I have been part of the Mill City Farmers Market in Minneapolis as a vendor/artist since 2011 and always wanted to find out more about how it started, what was so special about this market.
I adore this market and don’t mind waking up at 5 am, excited to meet my community. However, I know that every Saturday there is so much happening that I am not even aware of, being too busy at my booth.
1. Tell us about how you started doing what you do as a chef/restaurateur?
I grew up in a poor family, I remember going to the farm and picking corn and freezing it. Everything was home cooked because we had to. At 15, I discovered this vegetarian co-op restaurant started by hippies, called Café Kardamena, that is when my eyes really opened. I started working there (I went to a free school that ended at 2pm) and from that time on I dedicated myself to cook the healthiest food at a time where people were eating brown, cheesy, creamy food.
Another influence on me was a vegetarian restaurant in Paris, called Aquarius, where my husband and I spent all our money, and of course the gorgeous markets. Wherever I traveled I went to the markets.
I love straightforward food, food that shines on its own.
On a trip to California, I discovered a beautiful vegetarian restaurant called Greens under the Golden Gate Bridge. The day I came back from that trip I found the spot that became Cafe Brenda. I painted everything fresh and modern and from then on we were packed and we went on for 24 years.
I am inspired and curious of all cuisines and my goal is to show the way to eating farm to table, organic sustainable food that is going to make the world a better place.
2. How did the idea of MCFM germinated in your mind??
As soon as I arrived to Spoonriver in 2006, I had the vision of a farmers market on this plaza in front of the Guthrie! A few weeks later I discovered the train shed that was unused with gates shut at the time, it was a jewel.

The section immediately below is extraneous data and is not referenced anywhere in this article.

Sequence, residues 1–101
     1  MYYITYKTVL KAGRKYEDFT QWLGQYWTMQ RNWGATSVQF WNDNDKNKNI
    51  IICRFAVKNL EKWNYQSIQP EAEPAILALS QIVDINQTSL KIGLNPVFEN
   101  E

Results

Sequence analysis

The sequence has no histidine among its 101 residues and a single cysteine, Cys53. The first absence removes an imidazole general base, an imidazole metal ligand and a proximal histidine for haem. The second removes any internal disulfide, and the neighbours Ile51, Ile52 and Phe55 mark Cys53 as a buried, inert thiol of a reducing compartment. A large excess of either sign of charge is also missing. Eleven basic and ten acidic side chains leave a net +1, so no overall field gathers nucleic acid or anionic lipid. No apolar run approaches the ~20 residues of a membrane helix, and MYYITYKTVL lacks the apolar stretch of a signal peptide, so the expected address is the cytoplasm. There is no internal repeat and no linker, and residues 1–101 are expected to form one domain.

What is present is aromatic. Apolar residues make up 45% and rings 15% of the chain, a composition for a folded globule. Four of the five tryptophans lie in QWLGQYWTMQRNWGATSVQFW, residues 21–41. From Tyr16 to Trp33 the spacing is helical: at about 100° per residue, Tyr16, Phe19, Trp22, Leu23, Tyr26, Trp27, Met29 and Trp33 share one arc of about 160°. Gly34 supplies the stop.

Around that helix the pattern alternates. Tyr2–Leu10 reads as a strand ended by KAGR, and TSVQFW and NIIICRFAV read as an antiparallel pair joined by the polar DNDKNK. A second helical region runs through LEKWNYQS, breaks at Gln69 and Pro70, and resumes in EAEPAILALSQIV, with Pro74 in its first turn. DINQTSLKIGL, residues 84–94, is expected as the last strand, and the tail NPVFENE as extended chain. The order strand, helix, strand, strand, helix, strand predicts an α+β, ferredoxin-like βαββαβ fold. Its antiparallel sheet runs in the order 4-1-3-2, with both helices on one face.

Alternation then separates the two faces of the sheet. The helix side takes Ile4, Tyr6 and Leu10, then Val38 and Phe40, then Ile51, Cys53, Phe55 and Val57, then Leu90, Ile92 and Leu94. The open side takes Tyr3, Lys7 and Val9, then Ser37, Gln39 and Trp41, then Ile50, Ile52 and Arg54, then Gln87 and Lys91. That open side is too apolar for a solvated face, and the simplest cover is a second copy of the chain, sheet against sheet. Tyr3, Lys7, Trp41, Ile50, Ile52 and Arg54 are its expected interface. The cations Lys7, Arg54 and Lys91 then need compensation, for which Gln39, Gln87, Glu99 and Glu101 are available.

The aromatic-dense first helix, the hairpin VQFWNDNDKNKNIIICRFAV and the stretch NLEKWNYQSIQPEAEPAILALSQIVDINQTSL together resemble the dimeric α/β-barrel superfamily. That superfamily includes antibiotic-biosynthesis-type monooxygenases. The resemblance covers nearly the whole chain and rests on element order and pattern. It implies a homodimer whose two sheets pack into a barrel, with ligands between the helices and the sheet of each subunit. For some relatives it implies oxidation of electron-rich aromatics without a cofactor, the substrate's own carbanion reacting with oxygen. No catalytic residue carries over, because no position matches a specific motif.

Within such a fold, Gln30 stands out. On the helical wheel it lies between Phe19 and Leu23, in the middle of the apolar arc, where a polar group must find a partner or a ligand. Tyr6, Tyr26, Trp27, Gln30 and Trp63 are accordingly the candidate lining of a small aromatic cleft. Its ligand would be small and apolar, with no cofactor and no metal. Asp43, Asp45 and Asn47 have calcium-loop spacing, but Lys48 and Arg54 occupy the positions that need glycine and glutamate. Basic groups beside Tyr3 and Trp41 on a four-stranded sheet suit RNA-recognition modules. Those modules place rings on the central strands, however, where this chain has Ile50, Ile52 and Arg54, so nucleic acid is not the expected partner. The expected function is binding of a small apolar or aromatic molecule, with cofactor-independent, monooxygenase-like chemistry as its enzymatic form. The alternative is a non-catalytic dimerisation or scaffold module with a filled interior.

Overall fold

We started very small, intentional in our mission: all our food would be organic, local and sustainable. We are going towards our 10th year and we have a vibrant and financially sound market, able to support our employees and farmers.
3. What differentiates MCFM from other farmers markets in Minneapolis?
In our mission, our emphasis is also on education. Thanks to Alina’s sponsoring, 8 days during the summer nutritionist interns give out 2000 samples of a beautiful vegetable dish that is made right here on the plaza. We have yoga and cooking classes. We have a Giving Greens Program, where we gather the vegetables at the end of the market and take it to a non-profit group in the New Riverside Area, we do outreach with People Serving People.
We give out 6-8 grants a year to farmers, including for organic certification, up to $2000 each. There is no other market in the US that does what we do. Our budget comes 1/3 from our vendors, 1/3 from our sponsors and 1/3 from our benefit dinner. We partner with the U of M for surveys on market shopping, in order to understand our community and its needs.
4. What are the three indispensable ingredients in your market bag on Saturdays?
The mixed salad greens, because you cannot find them anywhere else, at least not these!
Singing Hills fresh Goat Cheese, it’s so fresh and the Lamb Sausage, that is 100% lamb!
I arrive at 6.30am, meet the staff and put the Crepe stand together; I shop for berries and other ingredients for the crepes. I check in with the market staff, walk through and say hello to vendors, check in with the special events of the day (yoga, authors, music).
I love to work at the back of the Crepe booth, peacefully, watching the 6000 people going by. Afterwards, I do go back and forth to the restaurant, which is usually very busy that day.
6. What’s your “péché mignon”(your cute sin)?
I love watching and listening to eagles on eagles.com, live, with the sounds of the woods. I watch their life, their babies, I worry about them.
That’s when my daughter says: “mama you crossed the line”!
7. What is the future of MCFM?
I see the market serving the community in a bigger way by increasing the emphasis on education, giving the people the direct connection to the farmers and continue to grow in a way that is financially sustainable to the farmers and the vendors.
Thank you Brenda for taking the time for our interview, you are an example and inspiration to me. I learned so much and I am sure our readers will too.
To check out the original article and many more go to www.Citinerary.com
– Talin –